The next three days up until this morning were bad. He had two major operations to repair the trauma done unto him – an open femur fracture, an open tib-fib fracture both on his left leg and a really ugly fractured humerus on his right arm. Each a  serious injury on its own, together they could be life-threatening. While his life was not in serious danger due to the fast response and excellent care he received at the very nearby hospital, he is still in for a long recovery. His bike is, of course, history. There is much more, but this morning he was able to stand – briefly and with a lot of effort and help – twice. Tomorrow should be better, and so the long process will go. The rest is his story and in time he will tell it in his way, but for those of us who ride – and he acknowledges this – we know it’s never a matter of if, but when.

While Matthew is absolutely his own man, we do possess similar qualities, among them is an all-or-nothing attitude. We ride safely, but it could be described as aggressive, too. And on a motorcycle, the last thing any rider should be is timid. Timidity is more dangerous. This is not to say his accident was in any way caused by aggressive riding – he had the right of way, he was doing everything legally and properly – but he was surprised by the stupidity of some idiot driving a car. I ride a lot – a lot more than he does – and I see it all the time. Experience has me anticipating all the idiotic things drivers can do, but I can be and probably will be surprised one day. One cannot predict everything. Would I have anticipated the car that took him out? I don’t know – maybe, maybe not.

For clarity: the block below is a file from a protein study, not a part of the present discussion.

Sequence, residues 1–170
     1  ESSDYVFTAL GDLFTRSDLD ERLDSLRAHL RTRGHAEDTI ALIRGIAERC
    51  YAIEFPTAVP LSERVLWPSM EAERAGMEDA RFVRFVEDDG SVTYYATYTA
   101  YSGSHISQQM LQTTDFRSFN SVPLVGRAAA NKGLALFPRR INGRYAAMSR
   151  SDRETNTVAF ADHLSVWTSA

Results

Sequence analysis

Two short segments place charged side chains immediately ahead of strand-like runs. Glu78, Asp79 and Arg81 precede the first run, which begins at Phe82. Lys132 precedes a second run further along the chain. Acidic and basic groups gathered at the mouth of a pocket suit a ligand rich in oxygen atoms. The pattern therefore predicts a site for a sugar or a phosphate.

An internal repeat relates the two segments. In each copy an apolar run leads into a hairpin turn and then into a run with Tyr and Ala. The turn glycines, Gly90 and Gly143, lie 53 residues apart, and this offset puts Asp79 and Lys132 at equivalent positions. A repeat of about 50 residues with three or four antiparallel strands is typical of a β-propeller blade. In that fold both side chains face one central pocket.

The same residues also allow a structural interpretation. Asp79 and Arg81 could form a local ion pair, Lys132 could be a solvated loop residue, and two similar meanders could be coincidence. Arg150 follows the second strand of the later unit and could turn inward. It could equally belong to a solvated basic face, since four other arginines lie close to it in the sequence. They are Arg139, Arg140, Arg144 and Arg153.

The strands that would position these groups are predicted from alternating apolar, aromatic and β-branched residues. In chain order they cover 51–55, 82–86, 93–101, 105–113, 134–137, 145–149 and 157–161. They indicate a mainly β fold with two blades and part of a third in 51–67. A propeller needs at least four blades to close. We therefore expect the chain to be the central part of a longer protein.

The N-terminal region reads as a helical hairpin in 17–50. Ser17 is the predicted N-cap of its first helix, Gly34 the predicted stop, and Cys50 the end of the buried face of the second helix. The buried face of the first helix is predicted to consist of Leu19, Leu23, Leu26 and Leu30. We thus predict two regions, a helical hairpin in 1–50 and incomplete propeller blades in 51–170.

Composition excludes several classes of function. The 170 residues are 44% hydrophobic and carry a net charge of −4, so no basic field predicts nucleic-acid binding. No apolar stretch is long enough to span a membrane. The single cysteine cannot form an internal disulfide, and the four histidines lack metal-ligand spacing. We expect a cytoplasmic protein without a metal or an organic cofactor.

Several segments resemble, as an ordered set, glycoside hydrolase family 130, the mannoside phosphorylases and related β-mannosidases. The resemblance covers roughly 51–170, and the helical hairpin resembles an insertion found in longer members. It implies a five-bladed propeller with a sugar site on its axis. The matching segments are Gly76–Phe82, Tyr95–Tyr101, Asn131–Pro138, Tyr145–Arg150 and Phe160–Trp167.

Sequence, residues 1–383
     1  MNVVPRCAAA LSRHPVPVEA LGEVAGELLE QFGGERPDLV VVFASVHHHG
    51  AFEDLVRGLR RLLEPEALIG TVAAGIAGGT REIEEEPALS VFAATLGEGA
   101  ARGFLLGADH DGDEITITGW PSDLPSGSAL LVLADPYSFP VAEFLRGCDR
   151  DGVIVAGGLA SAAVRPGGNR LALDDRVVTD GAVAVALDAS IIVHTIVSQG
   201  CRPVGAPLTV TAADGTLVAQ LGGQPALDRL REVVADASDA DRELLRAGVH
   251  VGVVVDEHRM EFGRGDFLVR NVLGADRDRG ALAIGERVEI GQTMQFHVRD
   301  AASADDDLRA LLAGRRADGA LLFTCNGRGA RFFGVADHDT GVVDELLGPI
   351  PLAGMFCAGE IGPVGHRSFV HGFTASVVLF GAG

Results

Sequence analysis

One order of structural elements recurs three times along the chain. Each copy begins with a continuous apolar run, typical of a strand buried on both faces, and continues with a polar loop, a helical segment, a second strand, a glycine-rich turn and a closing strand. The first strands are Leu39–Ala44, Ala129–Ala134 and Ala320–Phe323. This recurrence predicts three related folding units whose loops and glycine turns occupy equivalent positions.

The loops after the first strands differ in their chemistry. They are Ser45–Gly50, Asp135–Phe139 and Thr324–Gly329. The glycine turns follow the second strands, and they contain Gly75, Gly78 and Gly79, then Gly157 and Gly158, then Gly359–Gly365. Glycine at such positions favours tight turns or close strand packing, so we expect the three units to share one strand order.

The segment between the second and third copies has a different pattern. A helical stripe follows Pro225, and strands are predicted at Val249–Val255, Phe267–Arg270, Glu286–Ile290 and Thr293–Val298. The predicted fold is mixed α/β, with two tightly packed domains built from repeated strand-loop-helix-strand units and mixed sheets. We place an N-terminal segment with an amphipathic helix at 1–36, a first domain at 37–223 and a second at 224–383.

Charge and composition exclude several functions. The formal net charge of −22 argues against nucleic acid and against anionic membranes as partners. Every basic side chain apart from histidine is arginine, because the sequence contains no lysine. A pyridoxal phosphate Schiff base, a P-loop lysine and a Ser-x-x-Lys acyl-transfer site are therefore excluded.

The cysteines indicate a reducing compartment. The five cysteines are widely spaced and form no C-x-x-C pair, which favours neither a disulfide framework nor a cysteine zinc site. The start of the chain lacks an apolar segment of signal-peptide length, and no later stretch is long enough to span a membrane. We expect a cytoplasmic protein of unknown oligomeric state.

The point of this has to do with my thoughts this morning as I was riding back to the hospital – the same exact route I raced through last Tuesday. Obviously, it was not an emergency. There was no hurry. I knew the state he was in today and it is significantly improved over just yesterday. I can describe my ride this morning as… muted. Still aggressive in my wariness of those driving, still keeping my distance between them and me, but today it was in a different way. Today I was not trying to keep the potential risk in my rear-view mirror. Today I was content with keeping that distance in front of me. I still feel it’s best to be in front, that I have more control over potential risks that way, however, I think that maybe getting there might not always be the best way to keep that cushion. Maybe I could slow down a little bit. Maybe the utilitarian riding – my commuting – is not a risk worth taking. Maybe.